Renowned interior designer Fredi Zimmer is surprised when outdoorsman Max Greene, owner of Greene’s Outdoors, hires him to revamp Max’s rustic cabin in the Sierra Nevada foothills. Fredi is an out-and-proud Metro male whose contact with the outdoors is from his car to the doorway of the million-dollar homes he remodels, and to Fredi, Max is a typical straight man’s man.
When Max blatantly and clumsily flirts with Fredi, Fredi’s stereotypical view of Max is shattered. Is this a build-up to a gay bashing? Cautiously believing Max is closeted and is trying to come out, Fredi decides he’s game to put a little spice into Max’s life, whether it’s in the colors and fixtures he’ll use to turn Max’s dilapidated cabin into a showplace or over one of the many lunches and dinners they share talking about the remodel. Who can blame a guy for adding a little sensual pleasure as he retools Max’s life visually? Besides, Fredi has a backup plan if he’s wrong about Max’s intentions.
Life would be all wine and roses if it weren’t for Max’s former friends and their conservative families. Alarmed with Max’s obvious infatuation, they make it their business to save him from sliding into hell.
With the battle on, will Fredi and Max win the fight for a life of happiness together?
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About the Series
During the recession at the beginning of the 21st century, many gays and lesbians moved from the San Francisco Bay Area and Sacramento to the Sierra Foothills. FLAG (Foothills Lesbians and Gays) was formed. This series was written for them.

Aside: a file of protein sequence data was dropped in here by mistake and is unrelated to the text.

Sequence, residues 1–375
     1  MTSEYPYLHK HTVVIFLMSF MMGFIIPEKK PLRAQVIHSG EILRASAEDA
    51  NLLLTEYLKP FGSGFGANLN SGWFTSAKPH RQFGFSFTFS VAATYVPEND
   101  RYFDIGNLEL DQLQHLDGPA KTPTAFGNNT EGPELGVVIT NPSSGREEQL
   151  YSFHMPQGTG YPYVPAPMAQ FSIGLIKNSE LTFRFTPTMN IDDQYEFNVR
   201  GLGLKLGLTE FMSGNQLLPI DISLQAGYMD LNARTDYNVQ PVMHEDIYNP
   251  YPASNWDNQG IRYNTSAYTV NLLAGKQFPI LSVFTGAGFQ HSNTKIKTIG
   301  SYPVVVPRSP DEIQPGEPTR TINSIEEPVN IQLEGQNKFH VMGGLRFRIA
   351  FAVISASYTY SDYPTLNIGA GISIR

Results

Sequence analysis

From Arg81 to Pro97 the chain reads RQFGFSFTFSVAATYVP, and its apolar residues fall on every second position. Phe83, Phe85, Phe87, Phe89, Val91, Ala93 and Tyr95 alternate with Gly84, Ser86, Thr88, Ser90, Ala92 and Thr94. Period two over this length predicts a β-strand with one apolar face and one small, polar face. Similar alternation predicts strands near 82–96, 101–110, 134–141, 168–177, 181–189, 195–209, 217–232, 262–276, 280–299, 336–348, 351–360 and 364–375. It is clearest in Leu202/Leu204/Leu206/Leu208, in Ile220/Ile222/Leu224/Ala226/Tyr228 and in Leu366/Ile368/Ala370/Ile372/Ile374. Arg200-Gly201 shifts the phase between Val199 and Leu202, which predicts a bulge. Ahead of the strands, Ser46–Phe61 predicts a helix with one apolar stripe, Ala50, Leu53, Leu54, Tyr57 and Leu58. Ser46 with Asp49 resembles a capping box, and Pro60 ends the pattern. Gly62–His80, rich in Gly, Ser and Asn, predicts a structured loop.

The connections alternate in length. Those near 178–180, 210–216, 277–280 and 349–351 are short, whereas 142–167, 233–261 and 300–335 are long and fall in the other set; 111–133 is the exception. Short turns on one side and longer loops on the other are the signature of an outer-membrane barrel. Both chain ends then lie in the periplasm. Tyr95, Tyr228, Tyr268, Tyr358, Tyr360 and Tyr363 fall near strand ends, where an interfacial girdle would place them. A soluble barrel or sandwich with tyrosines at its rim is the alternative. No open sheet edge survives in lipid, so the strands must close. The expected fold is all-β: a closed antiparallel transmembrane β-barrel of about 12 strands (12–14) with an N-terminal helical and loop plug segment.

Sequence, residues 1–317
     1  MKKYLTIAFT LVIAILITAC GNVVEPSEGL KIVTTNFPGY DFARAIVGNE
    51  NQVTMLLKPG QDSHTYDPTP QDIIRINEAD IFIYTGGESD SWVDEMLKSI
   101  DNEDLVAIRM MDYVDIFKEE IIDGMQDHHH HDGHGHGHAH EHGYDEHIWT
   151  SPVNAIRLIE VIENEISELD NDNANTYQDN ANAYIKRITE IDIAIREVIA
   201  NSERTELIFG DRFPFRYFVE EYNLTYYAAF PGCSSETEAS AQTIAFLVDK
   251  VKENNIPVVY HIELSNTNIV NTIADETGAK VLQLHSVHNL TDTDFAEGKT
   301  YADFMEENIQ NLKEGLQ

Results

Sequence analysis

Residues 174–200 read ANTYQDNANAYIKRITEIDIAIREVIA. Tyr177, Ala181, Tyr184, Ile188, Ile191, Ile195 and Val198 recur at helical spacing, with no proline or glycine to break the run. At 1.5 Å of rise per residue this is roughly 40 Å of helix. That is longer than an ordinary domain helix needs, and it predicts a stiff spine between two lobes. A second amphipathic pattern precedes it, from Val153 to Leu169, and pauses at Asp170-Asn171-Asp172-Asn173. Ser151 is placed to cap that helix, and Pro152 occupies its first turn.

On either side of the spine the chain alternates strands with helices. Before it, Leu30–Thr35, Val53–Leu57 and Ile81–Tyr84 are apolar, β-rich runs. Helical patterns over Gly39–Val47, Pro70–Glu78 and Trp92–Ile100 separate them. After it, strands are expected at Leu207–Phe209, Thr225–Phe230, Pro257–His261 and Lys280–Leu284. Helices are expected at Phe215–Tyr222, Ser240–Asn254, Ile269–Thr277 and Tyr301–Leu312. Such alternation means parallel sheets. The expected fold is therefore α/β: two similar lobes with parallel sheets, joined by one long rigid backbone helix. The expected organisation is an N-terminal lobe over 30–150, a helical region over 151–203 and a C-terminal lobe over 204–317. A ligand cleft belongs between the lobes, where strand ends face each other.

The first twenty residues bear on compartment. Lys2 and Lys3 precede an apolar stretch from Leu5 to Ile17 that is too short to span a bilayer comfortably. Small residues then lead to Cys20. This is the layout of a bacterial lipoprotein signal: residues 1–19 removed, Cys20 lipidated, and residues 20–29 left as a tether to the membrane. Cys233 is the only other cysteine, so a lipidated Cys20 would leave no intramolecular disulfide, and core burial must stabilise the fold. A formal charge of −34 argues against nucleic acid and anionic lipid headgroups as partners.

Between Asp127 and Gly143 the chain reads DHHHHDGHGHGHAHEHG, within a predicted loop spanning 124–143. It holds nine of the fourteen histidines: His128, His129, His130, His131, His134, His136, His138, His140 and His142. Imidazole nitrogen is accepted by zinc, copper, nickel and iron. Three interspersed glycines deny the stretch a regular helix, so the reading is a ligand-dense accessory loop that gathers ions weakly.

Other Books in the Series:
What’s In a Name | Redesigning Max | Behr Facts | When Adam Fell
Pat is giving away a $10 JMS Books gift card with this tour – enter via Rafflecopter:
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We’d met again for lunch, this time at Monique’s Bakery and Café, one of the places I loved and had to hold myself back from. As I often told friends, I could gain ten pounds just walking by the cafe and taking a deep breath.
While I craved Monique’s baked goods, I twitched every time I stepped into the place. It sat at the end of a tiny group of stores built during the 1980s. Someone had told me the bakery and cafe had originally been a pharmacy with a tiny soda counter. Gradually the soda counter had expanded into a cafe and the pharmacy was pushed out. Unfortunately, Monique’s retained every one of the tables and chairs from its origins. I itched to redecorate.
Since it was a brilliantly beautiful day, we were sitting on the patio—a space cordoned off from the scraggly bushes and trees of the back lot by a line of wrought iron grillwork—with spiced iced tea and apple cinnamon bread in front of us. God, the food here was orgasmic. I picked up a piece of bread and smelled it before slathering it with butter.
My body shook slightly as I took a bite. “To die for,” I murmured after washing the bite down with tea. “You really should smell it before you take a bite. Go ahead. Smell. Smell. It makes the bread taste so much better.”
Again, the natives seemed to be covertly watching us. It was unnerving being the center of attention like this.
Max picked up a piece of bread as if trying to lift it without actually touching it. He brought it to his nose slowly and took a tiny sniff.
“No, no, no. Pick it up like this,” I chided. I held up another piece between my fingers and thrust it toward Max as he put his piece down on his plate. I shoved the bread under his nose. “Now take a deep breath. Close your eyes if you want.”